Prematurely warm weather is accelerating the return of visitors to Thurmond Lake, but sparse rainfall has left much of the basin drier than it was a year ago.
“This is supposed to be our peak lake recharge time with the highest inflows,” said Barb Shelley, the facilitator for the Friends of the Savannah River Basin advocacy group, in a newsletter sent Monday to residents and other stakeholders.
The reservoir’s average pool level this month has been 322.32 feet above sea level, about seven feet below full pool, according to the U.S. Army Corps of Engineers. By comparison, the average for March 2011 was 326.85 – more than 4.5 feet higher.
According to the National Weather Service drought forecast, the lake region remains in drought with only a 50 percent chance of slight improvement in coming months, which underscores the need for more rainfall during the next six weeks.
“It feels like June with almost a summertime Bermuda high effect over the Southeast,” Shelley said, adding that an early spring means trees and plants bloom earlier and start taking more water from the soil earlier than usual, which in turn reduces the amount of rainfall that enters the lakes as runoff.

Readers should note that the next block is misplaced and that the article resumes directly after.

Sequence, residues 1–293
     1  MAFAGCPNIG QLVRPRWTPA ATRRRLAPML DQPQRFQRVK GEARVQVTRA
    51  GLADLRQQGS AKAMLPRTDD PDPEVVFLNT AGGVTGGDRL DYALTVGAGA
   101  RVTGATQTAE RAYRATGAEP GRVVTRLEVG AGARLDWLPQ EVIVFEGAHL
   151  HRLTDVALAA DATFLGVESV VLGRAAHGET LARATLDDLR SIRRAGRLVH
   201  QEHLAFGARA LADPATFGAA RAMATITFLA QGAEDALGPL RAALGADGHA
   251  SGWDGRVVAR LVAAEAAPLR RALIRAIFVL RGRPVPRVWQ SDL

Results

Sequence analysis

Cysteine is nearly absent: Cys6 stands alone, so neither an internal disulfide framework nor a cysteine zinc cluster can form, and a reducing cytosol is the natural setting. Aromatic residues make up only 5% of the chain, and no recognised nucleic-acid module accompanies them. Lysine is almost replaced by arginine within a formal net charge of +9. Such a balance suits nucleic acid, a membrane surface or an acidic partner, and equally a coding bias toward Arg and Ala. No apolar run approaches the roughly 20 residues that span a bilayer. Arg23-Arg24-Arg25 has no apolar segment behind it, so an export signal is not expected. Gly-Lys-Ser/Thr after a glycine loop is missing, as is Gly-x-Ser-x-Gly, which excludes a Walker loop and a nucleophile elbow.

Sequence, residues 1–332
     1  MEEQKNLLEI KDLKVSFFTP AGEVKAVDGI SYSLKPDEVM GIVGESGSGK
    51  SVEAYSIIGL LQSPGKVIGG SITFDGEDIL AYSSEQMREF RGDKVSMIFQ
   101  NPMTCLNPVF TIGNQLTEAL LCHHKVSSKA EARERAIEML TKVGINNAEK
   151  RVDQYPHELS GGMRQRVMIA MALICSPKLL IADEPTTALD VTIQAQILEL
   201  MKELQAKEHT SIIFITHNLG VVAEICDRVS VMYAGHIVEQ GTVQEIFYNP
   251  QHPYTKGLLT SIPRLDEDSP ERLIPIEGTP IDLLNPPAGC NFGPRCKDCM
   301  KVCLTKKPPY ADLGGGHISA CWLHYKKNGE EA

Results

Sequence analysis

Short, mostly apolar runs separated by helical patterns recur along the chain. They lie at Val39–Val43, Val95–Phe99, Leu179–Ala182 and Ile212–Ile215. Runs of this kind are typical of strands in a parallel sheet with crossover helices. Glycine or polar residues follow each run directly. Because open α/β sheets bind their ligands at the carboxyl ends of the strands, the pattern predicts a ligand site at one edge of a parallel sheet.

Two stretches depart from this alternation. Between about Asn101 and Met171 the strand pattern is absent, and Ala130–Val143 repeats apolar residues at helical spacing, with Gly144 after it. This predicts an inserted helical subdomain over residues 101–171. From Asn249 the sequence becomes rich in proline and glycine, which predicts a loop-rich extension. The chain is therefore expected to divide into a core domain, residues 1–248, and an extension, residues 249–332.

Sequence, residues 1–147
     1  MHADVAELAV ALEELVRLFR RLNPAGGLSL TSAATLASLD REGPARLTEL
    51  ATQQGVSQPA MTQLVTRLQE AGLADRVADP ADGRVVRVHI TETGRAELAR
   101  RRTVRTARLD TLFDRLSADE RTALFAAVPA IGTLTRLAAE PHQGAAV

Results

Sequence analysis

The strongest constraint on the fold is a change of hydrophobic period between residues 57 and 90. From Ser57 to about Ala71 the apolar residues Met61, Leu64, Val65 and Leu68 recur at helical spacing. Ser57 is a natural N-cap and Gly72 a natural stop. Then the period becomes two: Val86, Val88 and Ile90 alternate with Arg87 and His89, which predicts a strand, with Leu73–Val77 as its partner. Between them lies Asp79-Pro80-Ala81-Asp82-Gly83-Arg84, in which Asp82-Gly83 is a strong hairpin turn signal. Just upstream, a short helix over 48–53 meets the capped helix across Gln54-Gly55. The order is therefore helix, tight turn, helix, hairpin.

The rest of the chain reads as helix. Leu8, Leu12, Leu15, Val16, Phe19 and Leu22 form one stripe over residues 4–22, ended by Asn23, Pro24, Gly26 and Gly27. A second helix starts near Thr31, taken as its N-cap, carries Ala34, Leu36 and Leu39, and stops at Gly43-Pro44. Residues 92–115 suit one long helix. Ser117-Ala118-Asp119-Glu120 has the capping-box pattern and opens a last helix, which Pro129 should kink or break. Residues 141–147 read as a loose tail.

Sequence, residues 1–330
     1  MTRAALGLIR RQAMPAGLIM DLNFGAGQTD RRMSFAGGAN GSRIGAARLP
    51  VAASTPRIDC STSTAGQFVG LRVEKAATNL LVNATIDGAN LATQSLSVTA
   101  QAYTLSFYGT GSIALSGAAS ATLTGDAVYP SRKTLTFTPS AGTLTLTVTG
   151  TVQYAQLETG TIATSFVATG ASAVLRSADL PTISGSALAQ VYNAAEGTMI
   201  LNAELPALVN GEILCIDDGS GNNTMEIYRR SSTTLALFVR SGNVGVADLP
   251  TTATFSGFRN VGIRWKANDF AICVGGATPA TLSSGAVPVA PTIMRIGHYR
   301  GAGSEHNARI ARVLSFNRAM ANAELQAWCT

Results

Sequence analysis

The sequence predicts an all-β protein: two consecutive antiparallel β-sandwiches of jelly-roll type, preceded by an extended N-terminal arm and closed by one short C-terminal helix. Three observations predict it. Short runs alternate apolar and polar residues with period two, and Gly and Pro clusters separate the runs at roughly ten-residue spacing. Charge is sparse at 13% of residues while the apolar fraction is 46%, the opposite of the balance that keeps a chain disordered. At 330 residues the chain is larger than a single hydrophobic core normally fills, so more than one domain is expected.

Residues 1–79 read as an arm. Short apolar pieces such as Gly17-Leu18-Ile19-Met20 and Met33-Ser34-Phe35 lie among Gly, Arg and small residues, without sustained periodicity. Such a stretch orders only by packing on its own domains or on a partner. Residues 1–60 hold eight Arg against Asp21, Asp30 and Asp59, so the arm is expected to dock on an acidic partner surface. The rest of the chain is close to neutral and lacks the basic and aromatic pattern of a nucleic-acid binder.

Other portions of the state – including the Lake Lanier region – have benefited from heavier rainfall so far this year.
According to The Associated Press, Lake Lanier has rebounded to 1,065.51 feet above sea level and is expected to climb to 1,066.80 feet by April 21. The current level is well above the low of 1,057.91 feet recorded Nov. 14.